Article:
The Swiss Bankers Association (SBA) on September 21st, announced new guidelines pointed at financial institutions that aim to cooperate with cryptocurrency and distributed ledger technology businesses.
The SBA in support of the increased demand of blockchain companies in Switzerland said that it warmly welcomes and is positive stand about blockchain industry because it boosts the “Switzerland’s attractiveness as a financial center.”
Similar skepticism that other countries face (U.S., India, UK.) surrounds Switzerland’s regulators as well, when it comes to risks associated with cryptocurrency and its underlying technology-blockchain, the main risk that the SBA concentrates is money laundering.
SBA with the new guidelines wants to align traditional banking rules (like rules for opening accounts) with that of blockchain and cryptocurrency rules to make the process interdependent processes simpler and to reduce the risk.
SBA strategic adviser Adrian Schatzmann stated that this new framework is drafted with a hope to build a foundation for both traditional banks and the blockchain startups to have a simpler and aiding discussion when it comes to the opening of accounts (As said to Reuters).
“Within the context of its priorities, the SBA promotes and supports an innovation-friendly environment in the digitalization arena. This also includes promoting conditions that support the sustainable growth of companies involved in blockchain technology,” SBA’s draft on the website read.
The press release also mentions that because Switzerland has strict laws in place that governs financial transactions, the banks must, therefore, carry out careful checks when opening an account (that are related to the blockchain, in this context). The SBA after recognized the challenges of opening accounts for blockchain companies at an early stage and communicated the same to its members’ the interests and unresolved questions to various authorities for drafting this new framework.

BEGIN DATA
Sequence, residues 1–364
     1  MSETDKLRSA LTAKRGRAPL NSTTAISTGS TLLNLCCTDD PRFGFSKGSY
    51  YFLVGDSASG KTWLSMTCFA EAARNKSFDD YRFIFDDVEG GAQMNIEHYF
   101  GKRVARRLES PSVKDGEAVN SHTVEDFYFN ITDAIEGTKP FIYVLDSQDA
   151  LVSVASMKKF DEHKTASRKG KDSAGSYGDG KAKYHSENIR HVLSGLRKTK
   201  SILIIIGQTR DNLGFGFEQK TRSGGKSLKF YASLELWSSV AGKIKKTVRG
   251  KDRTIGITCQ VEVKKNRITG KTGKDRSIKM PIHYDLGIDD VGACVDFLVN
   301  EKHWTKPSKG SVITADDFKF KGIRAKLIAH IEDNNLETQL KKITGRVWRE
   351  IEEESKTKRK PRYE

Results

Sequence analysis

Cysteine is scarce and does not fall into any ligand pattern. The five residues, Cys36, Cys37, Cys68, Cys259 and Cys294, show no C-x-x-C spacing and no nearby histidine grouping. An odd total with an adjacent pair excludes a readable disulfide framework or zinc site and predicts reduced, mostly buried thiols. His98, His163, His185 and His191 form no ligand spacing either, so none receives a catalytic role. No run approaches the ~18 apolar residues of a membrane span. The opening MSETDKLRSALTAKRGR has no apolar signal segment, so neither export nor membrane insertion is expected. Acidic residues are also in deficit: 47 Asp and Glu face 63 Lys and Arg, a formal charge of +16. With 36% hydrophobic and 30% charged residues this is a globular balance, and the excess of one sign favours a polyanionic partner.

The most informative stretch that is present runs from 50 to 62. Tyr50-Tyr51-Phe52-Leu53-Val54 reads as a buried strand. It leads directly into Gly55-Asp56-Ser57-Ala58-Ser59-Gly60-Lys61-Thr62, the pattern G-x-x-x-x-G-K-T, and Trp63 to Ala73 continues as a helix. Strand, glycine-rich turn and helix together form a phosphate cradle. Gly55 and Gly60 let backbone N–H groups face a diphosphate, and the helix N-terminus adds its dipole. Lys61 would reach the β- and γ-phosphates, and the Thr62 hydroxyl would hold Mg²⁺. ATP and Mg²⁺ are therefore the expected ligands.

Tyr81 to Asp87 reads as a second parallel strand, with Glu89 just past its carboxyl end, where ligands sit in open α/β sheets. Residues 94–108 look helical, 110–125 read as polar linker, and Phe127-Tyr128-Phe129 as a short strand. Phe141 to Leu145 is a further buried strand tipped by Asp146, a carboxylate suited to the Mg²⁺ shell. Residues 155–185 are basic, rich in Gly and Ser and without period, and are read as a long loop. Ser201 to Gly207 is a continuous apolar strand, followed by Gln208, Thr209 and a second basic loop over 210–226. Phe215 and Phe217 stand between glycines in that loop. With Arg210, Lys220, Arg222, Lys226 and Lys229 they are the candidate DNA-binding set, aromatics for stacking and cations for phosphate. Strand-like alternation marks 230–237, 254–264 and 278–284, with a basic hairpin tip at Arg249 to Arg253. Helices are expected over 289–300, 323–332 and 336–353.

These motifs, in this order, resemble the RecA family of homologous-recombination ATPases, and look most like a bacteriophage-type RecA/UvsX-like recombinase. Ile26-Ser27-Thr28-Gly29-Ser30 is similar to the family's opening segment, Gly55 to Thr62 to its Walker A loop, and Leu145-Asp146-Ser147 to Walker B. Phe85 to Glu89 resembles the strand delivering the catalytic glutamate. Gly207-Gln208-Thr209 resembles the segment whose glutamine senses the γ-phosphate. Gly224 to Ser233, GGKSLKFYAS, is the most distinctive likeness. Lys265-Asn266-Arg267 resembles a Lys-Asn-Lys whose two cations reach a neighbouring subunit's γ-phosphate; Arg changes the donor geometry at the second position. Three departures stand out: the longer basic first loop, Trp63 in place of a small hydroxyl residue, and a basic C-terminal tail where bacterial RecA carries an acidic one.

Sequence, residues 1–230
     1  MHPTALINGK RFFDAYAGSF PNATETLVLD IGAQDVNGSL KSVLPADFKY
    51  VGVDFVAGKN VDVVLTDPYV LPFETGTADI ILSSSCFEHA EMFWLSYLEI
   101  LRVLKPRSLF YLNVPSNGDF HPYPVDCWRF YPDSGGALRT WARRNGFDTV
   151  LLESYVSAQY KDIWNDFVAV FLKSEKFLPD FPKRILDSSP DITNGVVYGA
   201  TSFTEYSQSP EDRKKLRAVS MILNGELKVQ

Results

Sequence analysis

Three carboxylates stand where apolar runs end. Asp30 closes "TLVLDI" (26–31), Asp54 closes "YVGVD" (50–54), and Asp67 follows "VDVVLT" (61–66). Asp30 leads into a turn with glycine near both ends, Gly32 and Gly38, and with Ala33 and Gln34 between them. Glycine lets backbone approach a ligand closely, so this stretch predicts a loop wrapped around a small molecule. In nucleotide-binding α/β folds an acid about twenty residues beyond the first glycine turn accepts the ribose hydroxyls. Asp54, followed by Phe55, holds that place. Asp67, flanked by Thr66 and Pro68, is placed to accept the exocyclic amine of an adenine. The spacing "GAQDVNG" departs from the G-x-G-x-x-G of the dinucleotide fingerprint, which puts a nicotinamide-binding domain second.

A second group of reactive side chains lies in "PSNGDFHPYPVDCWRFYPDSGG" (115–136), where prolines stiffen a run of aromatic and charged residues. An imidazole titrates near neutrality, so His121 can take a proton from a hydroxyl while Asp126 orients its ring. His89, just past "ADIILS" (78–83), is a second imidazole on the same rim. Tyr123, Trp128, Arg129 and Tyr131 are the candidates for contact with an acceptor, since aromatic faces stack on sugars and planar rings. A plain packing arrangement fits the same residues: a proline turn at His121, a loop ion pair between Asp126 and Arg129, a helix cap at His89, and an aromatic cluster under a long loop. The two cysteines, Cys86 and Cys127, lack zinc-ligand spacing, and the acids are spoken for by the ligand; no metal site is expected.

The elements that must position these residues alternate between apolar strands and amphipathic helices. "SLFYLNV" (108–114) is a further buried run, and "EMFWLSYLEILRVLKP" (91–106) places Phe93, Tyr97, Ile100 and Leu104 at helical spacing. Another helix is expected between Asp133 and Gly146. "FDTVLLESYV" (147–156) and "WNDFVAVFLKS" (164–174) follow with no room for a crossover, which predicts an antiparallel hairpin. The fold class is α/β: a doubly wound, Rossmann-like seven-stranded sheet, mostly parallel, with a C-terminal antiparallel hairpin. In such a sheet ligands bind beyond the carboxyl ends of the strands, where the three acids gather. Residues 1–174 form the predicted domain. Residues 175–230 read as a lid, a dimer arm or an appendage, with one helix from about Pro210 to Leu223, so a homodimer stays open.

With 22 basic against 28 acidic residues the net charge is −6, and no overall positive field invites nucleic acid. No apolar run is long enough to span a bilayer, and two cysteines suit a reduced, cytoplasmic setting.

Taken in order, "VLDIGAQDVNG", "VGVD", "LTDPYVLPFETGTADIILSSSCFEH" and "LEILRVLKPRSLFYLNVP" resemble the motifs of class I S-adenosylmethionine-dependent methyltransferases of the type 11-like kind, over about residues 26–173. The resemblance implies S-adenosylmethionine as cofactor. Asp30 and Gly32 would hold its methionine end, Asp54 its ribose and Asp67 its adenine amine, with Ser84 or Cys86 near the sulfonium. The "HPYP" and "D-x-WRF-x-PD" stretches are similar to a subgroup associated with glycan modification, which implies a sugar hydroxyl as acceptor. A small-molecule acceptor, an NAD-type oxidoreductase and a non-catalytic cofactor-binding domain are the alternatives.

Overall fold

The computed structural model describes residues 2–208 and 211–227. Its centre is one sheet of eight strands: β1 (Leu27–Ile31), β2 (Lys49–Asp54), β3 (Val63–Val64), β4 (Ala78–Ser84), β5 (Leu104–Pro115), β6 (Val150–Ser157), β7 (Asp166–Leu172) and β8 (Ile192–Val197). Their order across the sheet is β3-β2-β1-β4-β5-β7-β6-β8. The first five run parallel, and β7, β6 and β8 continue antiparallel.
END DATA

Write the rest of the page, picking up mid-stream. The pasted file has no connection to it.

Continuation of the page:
The SBA has issued the guidelines with the guidance of an internal working group involving member banks and an independent, government-supported association called Crypto Valley Association.
These two independent bodies worked accurately on requirements and conditions that can be applied when opening accounts for companies with links to blockchain and initial coin offerings (ICOs).
There are around 530 blockchain startups have settled in Switzerland’s Crypto Valley hub around Zurich and Zug said, as said by Oliver Bussmann, head of the Crypto Valley Association, to Reuters.
Only 250 of Switzerland’s banks allowed companies to deposit the cash equivalent of cryptocurrencies raised in ICOs. Out of the 250, 2 departed their services last year, and Zuercher Kantonalbank, the 4th largest Swiss bank, closed the accounts of more than 20 companies.
This comedown in the Switzerland banking sector was a result of some of the companies that carried out ICOs did not do Online Anti-Money Laundering Checks (AML) on their patrons, which indirectly meant that banks themselves found foul of AML rules.
The new guidelines explicitly addressed this issue under two sections for blockchain firms that carry out ICOs and those that do not.
For companies whose ICOs are supported by cryptocurrencies, higher and additional requirements are said to be imposed, whether or not they are subjected to the Anti-Money Laundering Act.
The guidelines also recommend that the ICO organizer should implement the relevant Swiss standards on the origin of funds (KYC) and money laundering when receiving cryptocurrencies under an ICO.
“It is also proposed that the acceptance of cryptocurrencies under ICOs should be treated as a minimum in the same way as a cash transaction,” the press release read.